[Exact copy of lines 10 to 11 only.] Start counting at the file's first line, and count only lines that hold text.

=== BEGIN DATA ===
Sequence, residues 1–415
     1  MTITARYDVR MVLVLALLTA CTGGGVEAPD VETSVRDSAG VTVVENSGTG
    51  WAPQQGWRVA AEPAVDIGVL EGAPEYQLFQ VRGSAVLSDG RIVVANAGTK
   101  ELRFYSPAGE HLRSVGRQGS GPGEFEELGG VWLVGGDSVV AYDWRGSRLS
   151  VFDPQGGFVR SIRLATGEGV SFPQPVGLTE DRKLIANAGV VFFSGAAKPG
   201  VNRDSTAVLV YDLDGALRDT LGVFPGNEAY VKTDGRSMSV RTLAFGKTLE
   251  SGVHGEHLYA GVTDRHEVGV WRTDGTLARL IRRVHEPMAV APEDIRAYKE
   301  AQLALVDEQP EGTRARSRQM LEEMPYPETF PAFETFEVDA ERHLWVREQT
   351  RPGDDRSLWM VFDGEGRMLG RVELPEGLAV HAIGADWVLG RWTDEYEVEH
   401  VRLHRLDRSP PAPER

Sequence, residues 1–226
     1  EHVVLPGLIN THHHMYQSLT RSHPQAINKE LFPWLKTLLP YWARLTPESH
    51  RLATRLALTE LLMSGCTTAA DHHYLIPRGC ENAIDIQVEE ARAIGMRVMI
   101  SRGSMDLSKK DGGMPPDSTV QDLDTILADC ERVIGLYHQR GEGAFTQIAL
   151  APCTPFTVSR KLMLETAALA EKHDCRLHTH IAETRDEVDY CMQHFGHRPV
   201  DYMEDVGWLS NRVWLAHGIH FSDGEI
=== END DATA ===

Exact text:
   401  VRLHRLDRSP PAPER

Sequence, residues 1–226